• “Always want their coffee” he might be kinda right but in a recession Nescafe 45 (or whatever that instant coffee is called) will do just fine & people will drink it at work not in his cafe. Some people have no idea. (like the guy who works in the coal industry said to me the other day, “they’ll always need coal for power”)

      • Nescafe42!! I know it well. The whole ‘coffee’ thing is such BS for the ponces. Just like the country as a whole really.

      • Or for the almost-broke who still want to feel special – Nespresso! It’s sorta like instant coffee with a shiny real-estate-agent suit on. 70c a pop so cheaper than a cafe coffee but still allows you to adopt airs of [email protected] that International Roast powder and urn water in a polystyrene cup simply can’t match.

    • Don’t forget the 6000 jobs NAB are offloading. Other banks will probably have similar sized programmes in place soon too.

  5. Wow, the writer doesn’t seem too sympathetic…

    How dare he call our army of Mum and Dad investors “speculators”…all they wanted to do was own someone else’s home and live off their backs whilst in retirement? Terrible….


    • There is a massive thread over on whingepool about house prices. There was one poster of a certain ethnicity that would continually state he just wanted a passive income (read, sit on his arse and get paid) and just wanted to put food on his family (sic) and didn’t see a single thing wrong with screwing younger people out of housing just so he could “get ahead”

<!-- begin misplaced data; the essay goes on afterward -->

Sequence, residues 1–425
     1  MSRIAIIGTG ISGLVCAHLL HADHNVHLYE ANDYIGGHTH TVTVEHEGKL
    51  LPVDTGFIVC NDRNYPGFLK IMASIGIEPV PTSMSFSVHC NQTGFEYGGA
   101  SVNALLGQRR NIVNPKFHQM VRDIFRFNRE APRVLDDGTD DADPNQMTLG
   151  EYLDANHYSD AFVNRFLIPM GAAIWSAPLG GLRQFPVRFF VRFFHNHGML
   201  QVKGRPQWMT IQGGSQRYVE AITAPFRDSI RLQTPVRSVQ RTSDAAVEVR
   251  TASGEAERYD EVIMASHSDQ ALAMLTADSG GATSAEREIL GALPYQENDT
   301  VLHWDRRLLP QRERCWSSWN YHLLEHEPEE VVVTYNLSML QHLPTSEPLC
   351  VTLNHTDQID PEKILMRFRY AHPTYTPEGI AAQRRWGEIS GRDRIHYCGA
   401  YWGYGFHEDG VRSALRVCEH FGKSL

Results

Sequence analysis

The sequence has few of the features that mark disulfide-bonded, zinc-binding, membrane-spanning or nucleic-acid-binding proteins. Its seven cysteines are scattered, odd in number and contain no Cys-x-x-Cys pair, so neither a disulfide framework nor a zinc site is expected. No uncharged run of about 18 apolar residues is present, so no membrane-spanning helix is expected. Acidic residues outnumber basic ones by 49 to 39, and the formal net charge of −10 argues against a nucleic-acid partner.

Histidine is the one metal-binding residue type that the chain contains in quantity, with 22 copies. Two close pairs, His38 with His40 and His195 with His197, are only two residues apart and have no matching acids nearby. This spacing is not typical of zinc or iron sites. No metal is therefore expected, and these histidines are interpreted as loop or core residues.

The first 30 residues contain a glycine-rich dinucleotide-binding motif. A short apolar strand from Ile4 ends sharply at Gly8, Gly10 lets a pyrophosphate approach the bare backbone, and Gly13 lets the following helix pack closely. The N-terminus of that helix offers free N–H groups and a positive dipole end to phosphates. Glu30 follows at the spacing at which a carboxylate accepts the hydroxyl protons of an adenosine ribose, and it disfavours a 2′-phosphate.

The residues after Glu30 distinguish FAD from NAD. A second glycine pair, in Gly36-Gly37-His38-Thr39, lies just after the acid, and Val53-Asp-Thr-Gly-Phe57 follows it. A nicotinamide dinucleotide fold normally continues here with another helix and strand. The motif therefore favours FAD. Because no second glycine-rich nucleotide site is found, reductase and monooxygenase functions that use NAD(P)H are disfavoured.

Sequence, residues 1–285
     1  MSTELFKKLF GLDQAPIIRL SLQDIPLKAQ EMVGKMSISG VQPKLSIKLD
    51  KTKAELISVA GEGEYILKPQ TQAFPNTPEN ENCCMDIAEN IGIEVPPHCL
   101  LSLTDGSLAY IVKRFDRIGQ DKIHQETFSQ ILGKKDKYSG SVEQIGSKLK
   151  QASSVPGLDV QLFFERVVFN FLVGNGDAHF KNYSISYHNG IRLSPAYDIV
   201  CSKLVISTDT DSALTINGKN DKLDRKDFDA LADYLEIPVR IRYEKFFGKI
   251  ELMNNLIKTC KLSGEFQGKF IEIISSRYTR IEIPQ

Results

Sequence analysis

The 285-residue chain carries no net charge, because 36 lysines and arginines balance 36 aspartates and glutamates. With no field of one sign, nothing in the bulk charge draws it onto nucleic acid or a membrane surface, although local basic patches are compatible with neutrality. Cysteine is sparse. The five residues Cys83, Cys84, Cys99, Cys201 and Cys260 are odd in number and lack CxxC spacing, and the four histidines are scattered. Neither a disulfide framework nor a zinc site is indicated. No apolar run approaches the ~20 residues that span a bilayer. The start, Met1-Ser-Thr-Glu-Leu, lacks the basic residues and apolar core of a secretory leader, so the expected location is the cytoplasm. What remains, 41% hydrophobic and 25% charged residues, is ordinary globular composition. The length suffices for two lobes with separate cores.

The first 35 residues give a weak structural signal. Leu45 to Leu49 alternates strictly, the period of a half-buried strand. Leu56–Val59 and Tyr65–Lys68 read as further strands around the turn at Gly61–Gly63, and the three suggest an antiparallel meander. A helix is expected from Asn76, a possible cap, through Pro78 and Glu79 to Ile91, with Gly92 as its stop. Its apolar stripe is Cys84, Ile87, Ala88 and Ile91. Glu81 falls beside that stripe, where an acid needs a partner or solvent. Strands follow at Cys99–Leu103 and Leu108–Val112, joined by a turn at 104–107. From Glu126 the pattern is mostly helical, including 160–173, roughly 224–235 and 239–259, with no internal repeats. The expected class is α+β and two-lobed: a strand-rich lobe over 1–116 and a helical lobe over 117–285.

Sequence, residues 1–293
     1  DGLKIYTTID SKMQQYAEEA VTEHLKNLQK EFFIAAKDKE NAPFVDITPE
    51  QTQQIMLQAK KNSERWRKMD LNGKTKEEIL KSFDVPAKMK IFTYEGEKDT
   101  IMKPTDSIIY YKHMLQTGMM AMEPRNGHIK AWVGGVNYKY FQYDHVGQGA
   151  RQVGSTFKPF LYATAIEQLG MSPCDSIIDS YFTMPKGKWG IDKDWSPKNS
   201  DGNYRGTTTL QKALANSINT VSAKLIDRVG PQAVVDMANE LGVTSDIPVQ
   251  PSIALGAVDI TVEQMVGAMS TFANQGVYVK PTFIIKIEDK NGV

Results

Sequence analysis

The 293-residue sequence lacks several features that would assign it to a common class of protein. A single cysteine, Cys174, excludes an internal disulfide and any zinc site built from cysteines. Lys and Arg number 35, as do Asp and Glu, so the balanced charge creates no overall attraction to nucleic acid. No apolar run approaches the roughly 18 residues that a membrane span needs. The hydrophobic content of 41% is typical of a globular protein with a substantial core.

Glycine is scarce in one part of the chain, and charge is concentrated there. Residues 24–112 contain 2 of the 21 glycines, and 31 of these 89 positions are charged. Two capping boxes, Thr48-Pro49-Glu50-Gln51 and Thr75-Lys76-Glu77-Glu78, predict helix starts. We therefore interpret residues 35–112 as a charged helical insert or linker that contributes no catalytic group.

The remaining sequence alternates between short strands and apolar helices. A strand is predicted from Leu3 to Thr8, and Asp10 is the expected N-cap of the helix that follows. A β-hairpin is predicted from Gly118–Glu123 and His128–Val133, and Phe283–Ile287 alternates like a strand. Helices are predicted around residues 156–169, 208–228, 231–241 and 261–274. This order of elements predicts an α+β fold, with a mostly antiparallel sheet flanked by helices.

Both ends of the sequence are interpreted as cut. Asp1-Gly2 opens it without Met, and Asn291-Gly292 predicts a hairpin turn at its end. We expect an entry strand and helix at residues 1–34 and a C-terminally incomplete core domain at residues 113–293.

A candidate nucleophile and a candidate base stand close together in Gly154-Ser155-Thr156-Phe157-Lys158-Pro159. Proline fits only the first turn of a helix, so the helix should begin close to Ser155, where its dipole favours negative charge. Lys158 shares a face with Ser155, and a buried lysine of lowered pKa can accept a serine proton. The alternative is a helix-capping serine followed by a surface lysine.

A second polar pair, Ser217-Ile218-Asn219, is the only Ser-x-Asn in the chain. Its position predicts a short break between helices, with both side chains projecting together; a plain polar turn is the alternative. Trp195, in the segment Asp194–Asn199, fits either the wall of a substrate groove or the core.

There has been so many in this country that got to ride the gravy train and were totally “screw you, I got mine” without a shred of thought about others nor how this might play out. Totally blinded by greed.

      Let it burn.

      • whirlpool, the dumpster fire that is Australia’s culture all contained in a single site.

        and it used to be a really valuable tech support site a decade ago. I guess there isn’t as many clicks and ad dollars in that compared to an online whinge-fest

      • whirlpool, the dumpster fire that is Australia’s culture all contained in a single site

        Yes, horrible, horrible site. If you don’t subscribe to the zeitgeist or have differing opinions on anything, the opposing faction will herring your posts and before long you’re banned. Net result: out of control groupthink. Ugh.

      • “ just wanted to put food on his famIly” 😂 lol

        He has. If a sh!t sandwich counts as food.

  6. “The Australian banks might not have been conservative as previously advertised” —- Economist escape clause in effect

    • Yeppers, using a BS, illegal HEM for 70%+ of the mortgages, that now sit on their books. No worries, mate, she’ll be right.
      Next week is going to be EPIC. If they delay the release of the RC, WOW, could be Aussie LBH moment. If RC comes out with recommendations that the Big 4 have to actually verify incomes, boom goes the dynamite. The incomes aren’t there, full stop.

      • I think the big 4 have largely switched to the income verification you mention, and this is the reason for the credit-crimping slowdown that east coast property in particular is experiencing now. I don’t think the RC will change much in this regard.

  7. Offtopic, but think of the effect on greenhouse gases. Most of our target in meeting the turnbullson protocol was in agreeing to consume lattes instead of international roast. Major reduction in methane production right there.